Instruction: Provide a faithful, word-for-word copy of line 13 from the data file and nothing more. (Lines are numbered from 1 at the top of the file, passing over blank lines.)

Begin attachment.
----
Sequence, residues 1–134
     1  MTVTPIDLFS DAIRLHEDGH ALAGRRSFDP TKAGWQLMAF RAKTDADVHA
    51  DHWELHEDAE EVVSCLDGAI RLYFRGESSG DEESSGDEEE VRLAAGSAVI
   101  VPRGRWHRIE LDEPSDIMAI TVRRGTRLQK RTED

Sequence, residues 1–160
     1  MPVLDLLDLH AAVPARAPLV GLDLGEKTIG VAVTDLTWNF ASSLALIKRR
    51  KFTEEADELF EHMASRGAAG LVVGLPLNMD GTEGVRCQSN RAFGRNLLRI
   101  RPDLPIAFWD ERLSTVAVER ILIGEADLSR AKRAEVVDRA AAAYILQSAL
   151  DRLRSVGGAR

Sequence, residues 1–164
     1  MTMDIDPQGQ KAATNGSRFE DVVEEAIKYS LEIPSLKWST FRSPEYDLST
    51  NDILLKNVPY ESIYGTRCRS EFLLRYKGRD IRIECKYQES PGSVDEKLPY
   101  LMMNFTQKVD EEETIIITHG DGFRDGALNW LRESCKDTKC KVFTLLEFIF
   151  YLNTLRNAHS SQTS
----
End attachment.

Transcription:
   101  LMMNFTQKVD EEETIIITHG DGFRDGALNW LRESCKDTKC KVFTLLEFIF